Esketamine is approximately twice as potent as racemic ketamine. Esketamine is eliminated from the human body more quickly than R(-)-ketamine or racemic ketamine, although R(-)-ketamine slows its elimination.
A number of studies have suggested that esketamine has a more medically useful pharmacological action than R(+)-ketamine or racemic ketamine. Esketamine inhibits dopamine transporters eight times more than R(-)-ketamine. This increases dopamine activity in the brain. At doses causing the same intensity of effects, esketamine is generally considered to be more pleasant by patients. Patients also generally recover mental function more quickly after being treated with pure esketamine, which may be a result of the fact that it is cleared from their system more quickly.
Esketamine has an affinity for the PCP binding site of the NMDA receptor 3-4 times higher than that of R(-)-ketamine. Unlike R(-)-ketamine, esketamine does not bind significantly to sigma receptors. Esketamine increases glucose metabolism in frontal cortex, while R(-)-ketamine decreases glucose metabolism in the brain. This difference may be responsible for the fact that esketamine generally has a more psychedelic or hallucinatory effect while R(-)-ketamine is reported to be more relaxing. However, other studies have found no difference between the isomers in the patient's level of vigilance.
Johnson & Johnson is developing a nasal spray formulation of esketamine as a treatment for depression in patients that have been unresponsive to other antidepressants. As of July 2013, Phase 1 clinical trial of intranasal esketamine sponsored by the Johnson & Johnson subsidiary Janssen Pharmaceutica is underway with 58 participants in Belgium.AstraZeneca (AZN) is studying lanicemine, and Naurex Inc. and Cerecor Inc. are also in the process of developing new antidepressant drugs that act similarly to ketamine.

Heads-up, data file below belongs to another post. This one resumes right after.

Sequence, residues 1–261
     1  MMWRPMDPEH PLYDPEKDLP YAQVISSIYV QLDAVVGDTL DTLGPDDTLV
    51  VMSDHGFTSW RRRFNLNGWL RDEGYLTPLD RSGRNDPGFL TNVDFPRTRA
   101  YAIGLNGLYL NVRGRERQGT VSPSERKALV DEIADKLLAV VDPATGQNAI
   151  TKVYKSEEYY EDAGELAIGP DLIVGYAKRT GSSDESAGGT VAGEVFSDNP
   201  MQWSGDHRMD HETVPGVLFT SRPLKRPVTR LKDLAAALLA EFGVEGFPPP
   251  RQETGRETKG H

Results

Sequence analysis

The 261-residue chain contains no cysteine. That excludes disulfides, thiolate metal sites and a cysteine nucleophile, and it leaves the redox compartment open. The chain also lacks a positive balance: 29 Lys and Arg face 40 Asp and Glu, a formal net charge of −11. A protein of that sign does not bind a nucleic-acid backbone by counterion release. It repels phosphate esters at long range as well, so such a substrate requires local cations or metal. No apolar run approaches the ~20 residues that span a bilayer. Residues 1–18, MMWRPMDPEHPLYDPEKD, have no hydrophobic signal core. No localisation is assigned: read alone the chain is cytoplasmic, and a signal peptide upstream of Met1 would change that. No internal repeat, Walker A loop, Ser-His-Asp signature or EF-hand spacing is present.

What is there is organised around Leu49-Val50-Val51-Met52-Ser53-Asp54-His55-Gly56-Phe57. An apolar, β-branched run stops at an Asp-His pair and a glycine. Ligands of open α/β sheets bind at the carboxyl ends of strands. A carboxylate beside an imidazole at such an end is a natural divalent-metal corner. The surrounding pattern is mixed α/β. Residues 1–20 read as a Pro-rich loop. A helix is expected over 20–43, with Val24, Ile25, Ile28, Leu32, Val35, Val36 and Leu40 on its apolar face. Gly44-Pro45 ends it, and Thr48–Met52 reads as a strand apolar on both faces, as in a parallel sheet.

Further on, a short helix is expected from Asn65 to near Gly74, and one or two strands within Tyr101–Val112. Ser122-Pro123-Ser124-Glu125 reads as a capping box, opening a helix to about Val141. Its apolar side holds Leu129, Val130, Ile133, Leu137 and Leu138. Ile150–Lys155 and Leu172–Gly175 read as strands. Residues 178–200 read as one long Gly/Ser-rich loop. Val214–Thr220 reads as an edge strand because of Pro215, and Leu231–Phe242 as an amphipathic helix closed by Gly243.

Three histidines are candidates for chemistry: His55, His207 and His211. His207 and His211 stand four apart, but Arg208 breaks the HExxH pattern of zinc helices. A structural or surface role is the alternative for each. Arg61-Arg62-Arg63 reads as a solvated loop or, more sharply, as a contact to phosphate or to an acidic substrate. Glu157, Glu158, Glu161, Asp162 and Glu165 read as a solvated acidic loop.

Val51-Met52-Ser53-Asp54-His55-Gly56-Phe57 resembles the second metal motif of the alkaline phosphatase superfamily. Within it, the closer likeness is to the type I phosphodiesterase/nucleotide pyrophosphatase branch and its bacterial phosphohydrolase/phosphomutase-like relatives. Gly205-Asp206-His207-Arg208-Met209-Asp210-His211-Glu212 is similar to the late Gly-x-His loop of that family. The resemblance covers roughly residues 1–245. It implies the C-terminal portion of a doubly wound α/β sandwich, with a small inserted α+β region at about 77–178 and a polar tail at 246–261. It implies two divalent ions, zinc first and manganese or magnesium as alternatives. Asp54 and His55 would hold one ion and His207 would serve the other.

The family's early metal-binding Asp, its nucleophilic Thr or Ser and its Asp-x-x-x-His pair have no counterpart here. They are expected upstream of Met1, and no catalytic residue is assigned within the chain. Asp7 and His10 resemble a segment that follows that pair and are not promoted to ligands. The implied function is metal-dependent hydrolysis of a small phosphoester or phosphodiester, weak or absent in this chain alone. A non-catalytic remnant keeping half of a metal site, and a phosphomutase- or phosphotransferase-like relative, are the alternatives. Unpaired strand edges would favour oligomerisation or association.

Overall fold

^ abHimmelseher, S.; Pfenninger, E. (2008). "Die klinische Anwendung von S-(+)-Ketamin - eine Standortbestimmung". AINS - Anästhesiologie · Intensivmedizin · Notfallmedizin · Schmerztherapie33 (12): 764–770. doi:10.1055/s-2007-994851. PMID9893910.edit
^Ihmsen, H.; Geisslinger, G.; Schüttler, J. (2001). "Stereoselective pharmacokinetics of ketamine: R(-)-ketamine inhibits the elimination of S(+)-ketamine". Clinical pharmacology and therapeutics70 (5): 431–438. doi:10.1067/mcp.2001.119722. PMID11719729.edit
^ abDoenicke, A.; Kugler, J.; Mayer, M.; Angster, R.; Hoffmann, P. (1992). "Ketamine racemate or S-(+)-ketamine and midazolam. The effect on vigilance, efficacy and subjective findings". Der Anaesthesist41 (10): 610–618. PMID1443509.edit
^Pfenninger, E.; Baier, C.; Claus, S.; Hege, G. (1994). "Psychometric changes as well as analgesic action and cardiovascular adverse effects of ketamine racemate versus s-(+)-ketamine in subanesthetic doses". Der Anaesthesist. 43 Suppl 2: S68–S75. PMID7840417.edit
^ abVollenweider, F. X.; Leenders, K. L.; Oye, I.; Hell, D.; Angst, J. (1997). "Differential psychopathology and patterns of cerebral glucose utilisation produced by (S)- and (R)-ketamine in healthy volunteers using positron emission tomography (PET)". European neuropsychopharmacology : the journal of the European College of Neuropsychopharmacology7 (1): 25–38. doi:10.1016/S0924-977X(96)00042-9. PMID9088882.edit